Winner Take All

Even after ISIS is defeated in northern Iraq, the country won't see an end to violent conflict.

West Mosul after days of fighting in March 2017. Quentin Bruno

On Friday March 17, the American-led coalition launched airstrikes targeting the western part of ISIS-controlled al-Mosul in northern Iraq. This operation killed over three hundred civilians and forced many more to flee the city. Hundreds of bodies have been left in the streets with no one to bury them. Almost four million Iraqi citizens are now displaced, and Mosul’s destruction has cost billions of dollars.

At this price, we must ask if winning the war against ISIS will end terror in Iraq.

ISIS’s appearance in Iraq on June 10, 2014 surprised many, but, in fact, Mosul had fallen under its partial control, albeit indirectly and informally, since 2004. ISIS only announced its existence in 2006 and has spent the past decade building its military and ideological powers.

We should attribute their emergence, first and foremost, to the American war on Iraq, which empowered Al Qaeda to take root as a resistance both to the US-led coalition and to the new Shia-led national government and its ally, Iran. Baath party members, defeated after Saddam Hussein’s regime collapsed and marginalized in the new order, joined them.

These groups organized themselves under headings like Naqshbandis, Ansar al-Islam, and the Moujahideen Army, and their aim was to retake control. The cooperation between Al Qaeda and the remnants of the Baath regime reached its peak with ISIS’s establishment.

The politicization of sectarian identity during the American occupation made ISIS’s occupation of Mosul possible. The US-installed regime oppressed citizens in western Iraq, classified as “the Sunni triangle.” The army’s corruption exacerbated the situation, as it abandoned the city of two million people. It took less than two thousand ISIS fighters to storm Mosul from the west and advance forty miles closer to Baghdad.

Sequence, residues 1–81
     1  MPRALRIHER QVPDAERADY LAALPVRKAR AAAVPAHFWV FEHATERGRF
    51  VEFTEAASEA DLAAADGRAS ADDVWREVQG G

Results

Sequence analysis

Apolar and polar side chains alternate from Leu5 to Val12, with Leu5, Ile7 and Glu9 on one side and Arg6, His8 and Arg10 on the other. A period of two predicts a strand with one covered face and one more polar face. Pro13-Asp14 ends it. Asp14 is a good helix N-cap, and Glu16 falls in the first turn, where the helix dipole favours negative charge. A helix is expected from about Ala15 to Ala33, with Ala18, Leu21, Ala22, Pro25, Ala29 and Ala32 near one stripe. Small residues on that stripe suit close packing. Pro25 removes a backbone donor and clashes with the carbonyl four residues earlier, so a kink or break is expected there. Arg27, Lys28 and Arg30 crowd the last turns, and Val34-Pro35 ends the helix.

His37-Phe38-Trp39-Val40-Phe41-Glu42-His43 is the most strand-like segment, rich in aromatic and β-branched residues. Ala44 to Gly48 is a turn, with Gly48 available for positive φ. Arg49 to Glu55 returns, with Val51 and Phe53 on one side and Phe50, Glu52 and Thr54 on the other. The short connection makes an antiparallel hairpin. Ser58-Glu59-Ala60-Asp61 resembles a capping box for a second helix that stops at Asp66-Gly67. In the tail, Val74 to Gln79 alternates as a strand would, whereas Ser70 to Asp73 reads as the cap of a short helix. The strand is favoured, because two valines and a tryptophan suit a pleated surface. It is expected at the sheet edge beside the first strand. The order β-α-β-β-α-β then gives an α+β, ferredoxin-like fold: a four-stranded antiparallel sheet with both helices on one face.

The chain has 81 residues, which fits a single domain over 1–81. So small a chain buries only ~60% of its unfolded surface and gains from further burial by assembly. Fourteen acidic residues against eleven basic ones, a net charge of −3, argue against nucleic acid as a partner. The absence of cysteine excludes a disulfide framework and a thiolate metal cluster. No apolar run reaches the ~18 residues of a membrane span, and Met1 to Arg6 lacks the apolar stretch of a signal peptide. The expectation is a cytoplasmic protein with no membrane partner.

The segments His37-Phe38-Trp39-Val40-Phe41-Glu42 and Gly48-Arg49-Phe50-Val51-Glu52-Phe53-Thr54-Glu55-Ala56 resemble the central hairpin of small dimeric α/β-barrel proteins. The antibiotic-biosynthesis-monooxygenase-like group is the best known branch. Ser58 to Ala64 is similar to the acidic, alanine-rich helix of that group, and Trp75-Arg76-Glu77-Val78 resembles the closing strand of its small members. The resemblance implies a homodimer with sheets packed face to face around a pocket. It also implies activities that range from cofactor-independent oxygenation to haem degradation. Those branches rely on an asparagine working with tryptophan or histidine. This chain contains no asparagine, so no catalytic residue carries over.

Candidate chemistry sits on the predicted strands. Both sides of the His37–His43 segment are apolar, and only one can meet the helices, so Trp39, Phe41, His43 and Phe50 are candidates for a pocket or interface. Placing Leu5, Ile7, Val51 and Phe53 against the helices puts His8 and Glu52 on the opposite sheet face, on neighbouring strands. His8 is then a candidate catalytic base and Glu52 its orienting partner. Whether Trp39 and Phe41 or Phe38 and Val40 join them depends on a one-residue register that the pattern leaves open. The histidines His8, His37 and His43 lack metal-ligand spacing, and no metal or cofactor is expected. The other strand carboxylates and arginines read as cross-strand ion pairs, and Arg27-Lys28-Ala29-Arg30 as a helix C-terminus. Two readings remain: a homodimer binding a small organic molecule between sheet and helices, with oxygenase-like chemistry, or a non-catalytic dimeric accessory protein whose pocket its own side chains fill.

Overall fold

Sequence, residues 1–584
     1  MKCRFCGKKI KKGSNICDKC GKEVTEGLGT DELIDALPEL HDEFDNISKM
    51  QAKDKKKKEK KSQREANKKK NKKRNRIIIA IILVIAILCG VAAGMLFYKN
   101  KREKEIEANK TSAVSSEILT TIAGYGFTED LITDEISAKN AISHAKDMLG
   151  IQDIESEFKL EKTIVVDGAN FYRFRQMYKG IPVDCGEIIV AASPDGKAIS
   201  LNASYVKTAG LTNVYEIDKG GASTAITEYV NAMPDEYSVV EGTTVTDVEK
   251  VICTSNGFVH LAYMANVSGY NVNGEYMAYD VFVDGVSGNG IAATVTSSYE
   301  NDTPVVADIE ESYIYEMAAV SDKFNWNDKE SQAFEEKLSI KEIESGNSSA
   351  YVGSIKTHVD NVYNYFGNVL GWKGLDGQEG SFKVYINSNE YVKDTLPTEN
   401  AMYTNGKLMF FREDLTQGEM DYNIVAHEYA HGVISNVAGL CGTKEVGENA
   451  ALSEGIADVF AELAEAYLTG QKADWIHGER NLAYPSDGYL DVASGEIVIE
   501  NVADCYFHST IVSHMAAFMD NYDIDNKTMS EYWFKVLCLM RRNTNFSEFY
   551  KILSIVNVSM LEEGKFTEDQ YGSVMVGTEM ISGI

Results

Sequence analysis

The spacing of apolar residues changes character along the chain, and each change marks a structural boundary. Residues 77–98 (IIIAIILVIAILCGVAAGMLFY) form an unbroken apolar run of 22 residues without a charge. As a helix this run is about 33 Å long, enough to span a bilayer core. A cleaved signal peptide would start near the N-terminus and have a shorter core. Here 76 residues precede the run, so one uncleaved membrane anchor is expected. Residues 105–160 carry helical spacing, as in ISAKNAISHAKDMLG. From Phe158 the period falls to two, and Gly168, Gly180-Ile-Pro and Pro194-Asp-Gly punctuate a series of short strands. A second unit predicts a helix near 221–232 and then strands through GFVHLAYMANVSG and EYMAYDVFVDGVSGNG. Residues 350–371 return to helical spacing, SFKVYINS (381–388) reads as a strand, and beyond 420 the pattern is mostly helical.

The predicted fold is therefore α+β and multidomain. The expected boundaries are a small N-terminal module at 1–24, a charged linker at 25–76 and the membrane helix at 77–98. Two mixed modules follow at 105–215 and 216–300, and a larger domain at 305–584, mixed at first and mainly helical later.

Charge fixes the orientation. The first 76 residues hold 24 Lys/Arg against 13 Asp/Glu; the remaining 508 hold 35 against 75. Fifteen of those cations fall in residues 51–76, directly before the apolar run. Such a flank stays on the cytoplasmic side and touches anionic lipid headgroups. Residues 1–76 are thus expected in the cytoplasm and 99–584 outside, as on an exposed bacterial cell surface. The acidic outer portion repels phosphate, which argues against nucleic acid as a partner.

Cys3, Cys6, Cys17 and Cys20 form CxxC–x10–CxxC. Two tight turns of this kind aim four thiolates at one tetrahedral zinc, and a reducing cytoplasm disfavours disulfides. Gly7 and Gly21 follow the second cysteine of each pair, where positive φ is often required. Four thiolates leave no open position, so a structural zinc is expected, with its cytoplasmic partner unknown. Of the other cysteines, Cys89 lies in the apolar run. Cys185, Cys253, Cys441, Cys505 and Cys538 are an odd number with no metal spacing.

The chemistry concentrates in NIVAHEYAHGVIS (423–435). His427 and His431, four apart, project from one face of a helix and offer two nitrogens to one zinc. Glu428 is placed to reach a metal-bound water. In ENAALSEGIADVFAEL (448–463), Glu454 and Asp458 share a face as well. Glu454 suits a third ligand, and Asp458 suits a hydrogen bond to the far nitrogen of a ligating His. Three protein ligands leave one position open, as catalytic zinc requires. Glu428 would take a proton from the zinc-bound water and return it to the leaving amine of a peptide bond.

Iraq’s internal sectarian conflict has regional and international sponsors. The government in Baghdad sought military support from Iran, which generously provided arms, military leadership, and knowledge. Hezbollah in Lebanon also helped its Shia allies. Turkey, Saudi Arabia, Kuwait, and Qatar aided the Sunni political parties in Mosul, each nation hoping to find a foothold in Iraq.

The battle for Mosul has been costly. While it seems nearly at an end, there’s no indication that the sectarian conflicts that have plagued Iraq since 2003 will disappear with ISIS. Since the war to retake Mosul started in October of last year, many civilians have been caught in the crossfire between coalition air strikes, Iraqi ground troops, and ISIS militias. Causalities have reached the hundreds of thousands.

Iraqi troops had originally asked people to stay in Mosul, while ISIS was shooting at anyone leaving the city, but the battle has so intensified that it now moves from suburb to suburb, from house to house. ISIS regularly uses civilians as human shields, and some classify the American air strikes as war crimes. Shia militias have also been accused of sectarian atrocities. Some allege that they have deliberately targeted hospitals and educational institutions.

Those lucky enough to escape from ISIS-controlled areas live in camps in Kurdistan and other surrounding areas. These four million people represent the largest number of internally displaced persons in Iraqi history.

Furthermore, since the Mosul offensive started, terrorist attacks on Baghdad and other cities have increased. They could intensify even more if ISIS is defeated. Both Iraqi officials and the United States describe the battle to “liberate Mosul” as part of a “war on terror.”

But as long as sectarian conflict persists, even the defeat of ISIS will not guarantee peace and security. At stake is not just religious ideology, but a war over who controls the Iraqi state, which determines who controls the nation’s essential oil revenues.